2.  In your very moving "Back Home to Ireland" you talked about how when you and your family returned to Ireland, you were seven, it was a time of extreme political violence-how did these early experiences, no doubt seen mostly on TV perhaps, impact your thinking as you matured?

It made very little impact on me, at least that I’m conscious of. We lived well away from Northern Ireland which by then [1974] had settled into a pretty horrible stalemate. I do remember us re-enacting in the school playground the kidnapping, by rogue elements in the IRA, of the Dutch industrialist Dr Tiede Herrema. Terrorism never had any attraction for me, though. Perhaps, in that sense, I was influenced to find other ways to change the world.

3.  Why does Orwell's relationship to the Communist Party matter.  The party hacks he turned against seem now like completely self serving men who cared little for the poor of the UK?

Orwell himself was never a member of the Communist Party of Great Britain. The party hack types he so despised are the raw material of which totalitarian dictatorship is made. If you endlessly make excuses about the small things, and tell the small lies the Party wants told, then you’ll end up supporting the Hitler – Stalin pact or, even worse, urging people to vote for George Galloway. This is still important because there are still plenty of people like this in the main left wing organisations around the world, who would certainly be the secret police men and women of a new totalitarian nightmare, were they ever to come to power. There are plenty of good people too, as Orwell himself acknowledged; they would probably all end up being bumped off by the aforementioned secret police men and women. For me, when I look at the current crisis in the British Socialist Workers Party and the Irish United Left Alliance, these are not abstract arguments. The left wing totalitarianism about which Orwell wrote is a real living thing. For me it is – as the folks on Sesame Street used to say – a person that you meet each day. Or at least someone you cross the road to avoid. I realize of course that my political background is a very particular one and that these issues might seem rather marginal or esoteric to some.

4.  Let us look for a moment at this key remark by you.  "In Homage to Catalonia, Orwell whose Animal Farm was later co-opted by the CIA, writes from a position that is decisively to the left not only of the Labour Party but also of the Communist Party"   You tell us that Orwell was for the revolution to a far greater extent than "all Stalinism's literary fellow travellers ever were".  The CIA did pay for a cartoon version of the book to be used as a propaganda tool (The Manchester Guardian has a very interesting article on how this happened) but this really is a kind of cosmic joke because if it lead anyone to actually read the book they would never accept any form of totalitarianism again.   It is no more necessary to understand Russian politics of the 1930s and 40s to understand Animal Farm a knowledge of English politics of the early 18th century is required to appreciate Gulliver's Travels.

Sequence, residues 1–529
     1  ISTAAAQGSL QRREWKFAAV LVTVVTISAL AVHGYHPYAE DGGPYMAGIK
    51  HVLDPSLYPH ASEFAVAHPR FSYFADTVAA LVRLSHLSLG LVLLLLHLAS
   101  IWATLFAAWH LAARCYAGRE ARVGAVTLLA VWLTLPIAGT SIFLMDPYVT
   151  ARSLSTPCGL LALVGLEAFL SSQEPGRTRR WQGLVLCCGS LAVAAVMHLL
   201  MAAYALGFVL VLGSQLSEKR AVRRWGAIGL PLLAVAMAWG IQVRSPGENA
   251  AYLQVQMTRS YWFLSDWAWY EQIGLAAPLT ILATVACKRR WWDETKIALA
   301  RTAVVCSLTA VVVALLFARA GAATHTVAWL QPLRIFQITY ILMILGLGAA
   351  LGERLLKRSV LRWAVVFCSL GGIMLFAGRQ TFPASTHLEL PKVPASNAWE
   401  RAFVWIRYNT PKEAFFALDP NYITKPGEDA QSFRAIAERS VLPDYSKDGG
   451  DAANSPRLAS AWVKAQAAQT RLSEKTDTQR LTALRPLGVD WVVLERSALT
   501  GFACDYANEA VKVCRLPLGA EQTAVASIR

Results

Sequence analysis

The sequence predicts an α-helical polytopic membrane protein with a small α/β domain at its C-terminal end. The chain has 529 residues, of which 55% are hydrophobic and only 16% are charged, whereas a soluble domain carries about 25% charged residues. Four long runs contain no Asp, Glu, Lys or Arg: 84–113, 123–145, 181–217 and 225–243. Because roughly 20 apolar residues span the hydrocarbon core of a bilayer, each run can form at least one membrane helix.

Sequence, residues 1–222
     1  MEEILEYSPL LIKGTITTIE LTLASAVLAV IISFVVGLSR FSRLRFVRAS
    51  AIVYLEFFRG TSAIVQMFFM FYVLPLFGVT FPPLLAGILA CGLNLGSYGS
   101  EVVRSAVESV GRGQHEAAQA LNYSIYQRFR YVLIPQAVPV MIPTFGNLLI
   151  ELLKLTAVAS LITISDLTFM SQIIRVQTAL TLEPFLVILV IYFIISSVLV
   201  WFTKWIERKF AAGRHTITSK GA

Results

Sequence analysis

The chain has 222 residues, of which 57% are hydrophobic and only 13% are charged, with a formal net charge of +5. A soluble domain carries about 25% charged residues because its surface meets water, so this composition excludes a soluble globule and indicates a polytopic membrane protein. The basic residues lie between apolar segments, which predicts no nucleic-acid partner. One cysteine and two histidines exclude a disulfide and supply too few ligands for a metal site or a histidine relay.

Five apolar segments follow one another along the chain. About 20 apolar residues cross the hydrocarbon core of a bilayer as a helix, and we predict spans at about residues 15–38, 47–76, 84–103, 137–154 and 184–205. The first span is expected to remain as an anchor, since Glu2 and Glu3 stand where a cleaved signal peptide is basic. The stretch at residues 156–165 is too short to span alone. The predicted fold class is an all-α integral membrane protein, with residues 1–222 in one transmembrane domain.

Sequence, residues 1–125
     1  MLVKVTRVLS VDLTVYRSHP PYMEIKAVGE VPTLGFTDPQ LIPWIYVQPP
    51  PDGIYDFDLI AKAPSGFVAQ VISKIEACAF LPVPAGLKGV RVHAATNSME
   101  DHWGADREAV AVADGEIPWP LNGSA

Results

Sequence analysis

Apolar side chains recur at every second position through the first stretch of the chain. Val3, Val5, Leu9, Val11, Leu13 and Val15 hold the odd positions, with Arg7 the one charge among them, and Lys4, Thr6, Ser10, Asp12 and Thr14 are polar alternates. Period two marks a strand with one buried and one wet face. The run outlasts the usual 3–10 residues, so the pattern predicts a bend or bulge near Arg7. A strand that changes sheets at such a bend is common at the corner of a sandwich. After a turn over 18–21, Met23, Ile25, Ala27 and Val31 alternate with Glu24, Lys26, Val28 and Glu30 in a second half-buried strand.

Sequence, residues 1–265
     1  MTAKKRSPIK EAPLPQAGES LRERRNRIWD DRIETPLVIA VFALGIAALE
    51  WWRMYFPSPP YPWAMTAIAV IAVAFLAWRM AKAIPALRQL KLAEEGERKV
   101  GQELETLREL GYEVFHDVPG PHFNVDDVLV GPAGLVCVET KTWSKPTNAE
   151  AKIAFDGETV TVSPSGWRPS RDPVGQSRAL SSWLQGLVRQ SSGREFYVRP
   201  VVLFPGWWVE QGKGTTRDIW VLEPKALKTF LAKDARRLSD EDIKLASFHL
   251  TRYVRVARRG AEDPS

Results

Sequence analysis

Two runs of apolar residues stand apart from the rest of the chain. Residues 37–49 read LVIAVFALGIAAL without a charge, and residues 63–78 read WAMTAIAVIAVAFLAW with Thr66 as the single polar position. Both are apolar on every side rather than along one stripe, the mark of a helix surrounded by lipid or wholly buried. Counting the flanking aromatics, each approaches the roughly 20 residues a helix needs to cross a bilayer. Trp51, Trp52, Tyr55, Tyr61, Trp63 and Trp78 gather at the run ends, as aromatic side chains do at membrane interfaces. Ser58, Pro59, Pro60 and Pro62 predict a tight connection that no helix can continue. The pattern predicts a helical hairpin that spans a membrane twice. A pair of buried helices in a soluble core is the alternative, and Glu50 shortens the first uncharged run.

To my mind such an approach to both of the books trivializes them.   Is the attempt to place Animal Farm as a document of a time and a place an attempt to destroy its power. Do teachers who explain that Squealer was Trotsky denigrate the work because they do not have the ability to see its power?

Books need to work beyond their time, if they are to be of use to, or have meaning for, future generations. But and it’s a very big BUT I don’t think anyone who doesn’t know that, in ‘Animal Farm’, Squealer is Trotsky is fit to leave the house on his or her own in the morning never mind teach anything to anyone.  

5.  In one of your essays on Orwell you said as you developed in your thinking and moved away from Knee-Jerk left wing politics you began to think there was something inherent in leftist policies that lead to mass violence and death, i e the famines in China and the mass killings in Cambodia.  It seems right wing groups normally only turn on a segment of the population and see the need to keep people alive to work for them.  How do we compromise here or we just doomed to be the slaves of ideologues?

I would have no interest at all in compromising on this issue. And, no, I don’t think we’re doomed. A friend of mine once told that though he always votes for the American Socialist Workers Party (as a protest) in U.S. Presidential Elections, that were they to actually win he would immediately leave the country. The old bastardised version of the party according to some people’s interpretation of what Lenin said has to go. If the British Socialist Workers Party came to power tomorrow morning, or the Socialist Party grabbed power in Ireland, then the result would certainly be, for many, no doubt including myself, the knock on the door in the middle of the night. These people need to be stopped, pure and simple. Whatever the better way of running things may be, they’ll be no part of it.